In addition to the range requirements of the aircraft, other performance characteristics specified by the Air Material Command in 1946 were a cruising speed of 300 mph. at an altitude of 34,000 ft., with a minimal payload of 10,000 lbs with five or six 20mm. gun turrets. The AMC issued bids later that year with Boeing, Glen L. Martin and Consolidated Aircraft submitting proposals. The Air Force accepted the Boeing proposal, an aircraft powered by six turboprop engines with a range of 3,110 miles. The Boeing plane, designated Model 462, was a straight-winged aircraft with a gross weight of 360,000 pounds – a heavy plane for its day. As a result of the weight issue, the Air Force began to have doubts about the ability of the aircraft to successfully perform its mission. Boeing then offered a smaller follow-up design, Model 464, having four engines and a 230,000 pound gross weight. While the 464 aircraft was deemed acceptable, the Air Force changed its requirements within a few months to a plane having a 400 mph cruising speed, with a 300,000 pound gross weight. Additionally, the Air Force wanted an aircraft with a range of twelve thousand miles, capable of delivering a nuclear weapon. These modifications increased the gross weight of the plane to 480,000 lbs.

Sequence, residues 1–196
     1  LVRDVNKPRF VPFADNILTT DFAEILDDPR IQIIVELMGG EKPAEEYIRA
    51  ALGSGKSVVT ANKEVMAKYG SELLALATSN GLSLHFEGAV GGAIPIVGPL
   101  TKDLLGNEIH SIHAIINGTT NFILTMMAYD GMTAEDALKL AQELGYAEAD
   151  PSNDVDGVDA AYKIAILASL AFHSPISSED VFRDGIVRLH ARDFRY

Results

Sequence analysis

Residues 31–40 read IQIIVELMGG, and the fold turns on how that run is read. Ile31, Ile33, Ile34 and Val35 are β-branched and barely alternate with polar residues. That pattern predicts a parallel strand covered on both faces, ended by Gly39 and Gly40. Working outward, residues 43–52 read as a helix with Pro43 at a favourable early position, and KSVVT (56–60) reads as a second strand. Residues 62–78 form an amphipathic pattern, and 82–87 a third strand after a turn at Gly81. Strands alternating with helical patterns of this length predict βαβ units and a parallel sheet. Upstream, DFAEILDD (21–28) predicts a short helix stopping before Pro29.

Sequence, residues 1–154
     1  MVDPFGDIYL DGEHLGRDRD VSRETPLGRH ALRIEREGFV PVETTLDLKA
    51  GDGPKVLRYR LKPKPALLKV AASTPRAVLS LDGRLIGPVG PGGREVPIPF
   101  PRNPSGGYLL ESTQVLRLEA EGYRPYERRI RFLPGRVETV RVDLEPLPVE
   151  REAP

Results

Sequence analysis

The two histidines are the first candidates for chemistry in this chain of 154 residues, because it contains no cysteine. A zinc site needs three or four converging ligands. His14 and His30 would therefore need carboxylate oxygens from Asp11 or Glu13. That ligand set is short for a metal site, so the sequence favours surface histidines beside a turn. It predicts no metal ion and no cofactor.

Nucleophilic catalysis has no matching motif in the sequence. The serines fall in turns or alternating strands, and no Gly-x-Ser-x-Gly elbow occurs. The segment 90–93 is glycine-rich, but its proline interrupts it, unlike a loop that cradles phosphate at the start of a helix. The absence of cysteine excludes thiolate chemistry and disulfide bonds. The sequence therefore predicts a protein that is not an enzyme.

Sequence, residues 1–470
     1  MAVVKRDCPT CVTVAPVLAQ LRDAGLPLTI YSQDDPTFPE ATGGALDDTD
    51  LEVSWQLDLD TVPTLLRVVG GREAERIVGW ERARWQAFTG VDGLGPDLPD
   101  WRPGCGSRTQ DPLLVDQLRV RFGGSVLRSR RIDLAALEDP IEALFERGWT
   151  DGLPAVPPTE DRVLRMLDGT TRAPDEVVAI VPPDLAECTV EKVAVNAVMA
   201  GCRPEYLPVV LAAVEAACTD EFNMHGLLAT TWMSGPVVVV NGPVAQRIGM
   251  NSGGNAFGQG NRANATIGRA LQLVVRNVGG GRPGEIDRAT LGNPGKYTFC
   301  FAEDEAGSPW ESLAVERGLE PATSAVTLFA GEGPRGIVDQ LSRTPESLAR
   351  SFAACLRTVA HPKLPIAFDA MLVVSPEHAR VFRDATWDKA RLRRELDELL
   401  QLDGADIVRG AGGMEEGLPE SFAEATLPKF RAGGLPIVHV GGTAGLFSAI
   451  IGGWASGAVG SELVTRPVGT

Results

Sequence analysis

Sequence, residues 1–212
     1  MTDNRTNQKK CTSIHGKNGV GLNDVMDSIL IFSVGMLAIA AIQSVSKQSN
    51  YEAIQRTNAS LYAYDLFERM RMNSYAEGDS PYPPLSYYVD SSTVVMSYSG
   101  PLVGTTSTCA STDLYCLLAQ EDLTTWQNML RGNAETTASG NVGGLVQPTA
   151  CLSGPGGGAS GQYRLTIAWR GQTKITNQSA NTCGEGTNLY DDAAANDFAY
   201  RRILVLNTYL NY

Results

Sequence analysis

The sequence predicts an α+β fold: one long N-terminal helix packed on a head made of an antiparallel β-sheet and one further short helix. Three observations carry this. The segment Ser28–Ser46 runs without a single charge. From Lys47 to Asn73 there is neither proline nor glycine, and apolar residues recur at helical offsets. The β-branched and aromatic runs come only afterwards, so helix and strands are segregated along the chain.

Boeing responded by proposing two bombers, Model 464-16 and Model 464-17. Both planes were four engine turboprop designs, with the Model 16 being a nuclear only aircraft carrying a ten thousand lb. payload. The Model 17 bomber was a conventional bomber, able to mount a 9,000 lb. payload. By mid 1947 the Model 17 aircraft was deemed acceptable by the Air Force, except for the range requirement. By now, designated the XB-52, the aircraft offered only marginal performance in speed and range over the Convair B-36, which was about to enter service. The Air Force then postponed the project for six months in order to evaluate its potential. After a series of intense discussions between Boeing and the Air Force, the XB-52 project was back on track in January 1948, with Boeing urged to include the latest aviation innovations in the bomber design such as jet engines and aerial refueling. In May 1948, jet engines were substituted for turboprops which satisfied the Air Force. However, the Air Force still wanted a turboprop design, since jet engines of the era lacked fuel efficiency. October 1948 proved to be a crucial month for the XB-52 project. Boeing engineers George Schairer, Art Carlsen and Vaughn Blumenthal presented a refined turboprop design to Colonel Pete Warden, Director of Bomber Development for the USAF. After reviewing the proposal, Warden asked the Boeing design team if they could prepare a proposal for a four engine turbojet bomber. The following day Colonel Warden scanned the design, requesting an improved version. After returning to their hotel room, Schairer, Carlsen and Blumenthal were joined by Ed Wells, Boeing Vice President of Engineering, in addition to two other Boeing engineers, Bob Withington and Maynard Pennell. After eight hours of intense deliberation, the Boeing team had designed an entirely new airplane. The new concept of the XB-52 had 35 degree swept wings, based on the B-47 Stratojet, with eight engines paired in four pods below the wings with bicycle landing gear and outrigger wheels underneath the wingtips. The XB-52 also had flexible landing gear, which could pivot 20 degrees from the aircraft centerline to compensate for crosswinds upon landing. Warden approved the design the following week and the Air Force signed a contract with Boeing in February 1951 for an initial production run of 13 B-52As.